Welcome to my first blog post for some time. Life has been very busy with work, but mostly trying to buy a new house in Winchester which has been a very time consuming and frustrating process over the last five months or so. We may at last have found a house that might actually proceed to completion! Fingers and toes crossed.
I will also admit to having a certain degree of “blog block”, which, if you are unfamiliar with the ailment, is like writers’ block but somewhat less serious. The symptoms generally involve regular statements to my partner that ‘I must do something about the blog’ or ‘this weekend I shall really get down to writing some posts’. These can be accompanied with a feeling of guilt which soon passes as I substitute a long run on the South Downs or by the River Itchen for a session in front of the laptop. So you find me now a little slimmer, and a lot fitter, and, it would appear, to have overcome the “block” by writing this. Welcome back to me!!!
We shall start the year with a gentle warm-up post so I don’t overdo things. This is an article written by Artemis Cooper for Conde Nast Traveller and was published in January 2022.
PS – I’m off out running now I’ve done this! 🙂
Inside a restored Greek home that’s now open to visitors
By Artemis Cooper
First published in Conde Nast Traveller
The southern Peloponnese ends in three rocky peninsulas, reaching deep into the Mediterranean. The wildest and most remote of them is the middle one, known as Mani. It was the subject of Patrick Leigh Fermor’s first book on Greece, and the place where he and his partner, the photographer Joan Eyres-Monsell, built one of the most beautiful houses in the world.
He and Joan had been looking for the right place on which to build for some time before they found it in mid-1962, just south of the village of Kardamyli. Set between two ravines, the headland jutted out towards the sea. In the evening you could watch the sun going down ‘until its last gasp’, as he put it, while to the east rose the great flanks of the Taygetos mountains, glowing orange and pink at sunset.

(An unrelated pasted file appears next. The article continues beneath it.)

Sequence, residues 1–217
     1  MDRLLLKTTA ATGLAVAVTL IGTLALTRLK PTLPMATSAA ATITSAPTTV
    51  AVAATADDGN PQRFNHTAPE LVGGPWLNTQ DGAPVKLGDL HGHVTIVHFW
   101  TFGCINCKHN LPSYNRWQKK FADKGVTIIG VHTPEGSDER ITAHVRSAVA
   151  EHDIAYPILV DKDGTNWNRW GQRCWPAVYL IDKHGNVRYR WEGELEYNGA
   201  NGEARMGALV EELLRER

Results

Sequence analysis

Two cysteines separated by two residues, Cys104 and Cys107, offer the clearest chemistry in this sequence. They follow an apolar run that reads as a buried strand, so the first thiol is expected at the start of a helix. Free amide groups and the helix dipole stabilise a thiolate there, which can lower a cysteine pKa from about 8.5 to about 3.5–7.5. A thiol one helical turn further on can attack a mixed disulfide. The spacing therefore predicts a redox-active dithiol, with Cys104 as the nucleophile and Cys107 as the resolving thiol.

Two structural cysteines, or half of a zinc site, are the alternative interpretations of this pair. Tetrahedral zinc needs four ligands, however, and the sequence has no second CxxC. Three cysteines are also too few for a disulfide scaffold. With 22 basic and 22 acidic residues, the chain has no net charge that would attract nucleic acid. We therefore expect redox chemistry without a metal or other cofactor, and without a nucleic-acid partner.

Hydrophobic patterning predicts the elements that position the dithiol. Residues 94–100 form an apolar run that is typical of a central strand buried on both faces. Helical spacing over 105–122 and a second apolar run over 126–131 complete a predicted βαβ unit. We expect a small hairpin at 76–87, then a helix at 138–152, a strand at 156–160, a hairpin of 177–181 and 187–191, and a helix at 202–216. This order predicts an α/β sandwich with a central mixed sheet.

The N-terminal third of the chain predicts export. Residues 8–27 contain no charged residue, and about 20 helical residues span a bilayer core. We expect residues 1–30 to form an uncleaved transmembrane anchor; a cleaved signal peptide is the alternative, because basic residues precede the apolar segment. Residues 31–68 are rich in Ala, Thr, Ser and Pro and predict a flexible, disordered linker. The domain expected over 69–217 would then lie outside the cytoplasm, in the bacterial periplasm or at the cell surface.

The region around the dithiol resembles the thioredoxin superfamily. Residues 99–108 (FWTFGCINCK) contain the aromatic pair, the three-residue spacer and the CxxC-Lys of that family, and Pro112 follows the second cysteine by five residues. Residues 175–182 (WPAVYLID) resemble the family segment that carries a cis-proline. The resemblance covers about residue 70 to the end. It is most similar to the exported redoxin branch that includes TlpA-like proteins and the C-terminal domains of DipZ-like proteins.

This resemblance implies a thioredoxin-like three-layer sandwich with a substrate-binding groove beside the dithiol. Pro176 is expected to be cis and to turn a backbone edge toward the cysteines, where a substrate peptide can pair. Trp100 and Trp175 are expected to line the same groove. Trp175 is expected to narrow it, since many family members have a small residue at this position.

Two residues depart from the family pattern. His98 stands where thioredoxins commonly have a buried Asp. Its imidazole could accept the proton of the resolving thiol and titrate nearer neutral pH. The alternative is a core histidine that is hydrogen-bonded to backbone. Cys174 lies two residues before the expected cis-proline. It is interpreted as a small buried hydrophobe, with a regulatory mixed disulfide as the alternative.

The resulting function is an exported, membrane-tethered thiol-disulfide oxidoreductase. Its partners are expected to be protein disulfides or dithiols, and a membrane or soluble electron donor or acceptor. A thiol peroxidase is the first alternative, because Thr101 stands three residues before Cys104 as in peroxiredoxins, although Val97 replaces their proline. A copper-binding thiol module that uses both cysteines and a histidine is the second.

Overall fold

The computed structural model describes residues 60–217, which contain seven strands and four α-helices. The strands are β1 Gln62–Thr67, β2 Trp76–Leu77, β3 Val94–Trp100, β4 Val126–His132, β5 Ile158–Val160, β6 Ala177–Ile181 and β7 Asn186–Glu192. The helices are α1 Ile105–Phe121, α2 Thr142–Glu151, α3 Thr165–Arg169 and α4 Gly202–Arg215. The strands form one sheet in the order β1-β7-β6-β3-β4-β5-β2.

Known as Paddy to his many friends in England, he was Mihalis in Greece – his code name in the Cretan resistance, where he was celebrated for leading the team who captured a German general and whisked him off the island in 1944. After the war he became a writer, and by the early 1960s he had published four books. They were all successful, but he was so gregarious and easily distracted that writing was painfully slow. He needed not only peace in which to write, but an almost monastic seclusion.
Buying land in Greece is a complicated business, and it took two years to complete the sale; but the vendors let Paddy and Joan spend months at a time in tents on the site, poring over books on architecture, pacing out imaginary rooms and making ambitious drawings. They found a sympathetic design partner in Nicos Hadjimichalis, who had made a study of Greek vernacular architecture.
Work began in 1965, with a team of local workmen under Nikos Kolokotronis, a master mason. Stone was dynamited out of the hillside, hewn into blocks on the spot and sent down the goat track on the backs of donkeys. When the foundation stone was laid, Maniot tradition demanded a blood sacrifice. The master mason brought a black rooster, sliced off its head with his trowel and poured its blood into the footings, while a priest chanted and sprinkled holy water. There was no electricity in Mani at that time, so the house was built with traditional tools; and as the walls rose, Paddy and Joan made trips to nearby Kalamata where old houses were being pulled down to make modern apartments. They salvaged marble carvings, broken columns and fragments of stonework that lay abandoned, and set them like jewels into the fabric of their home.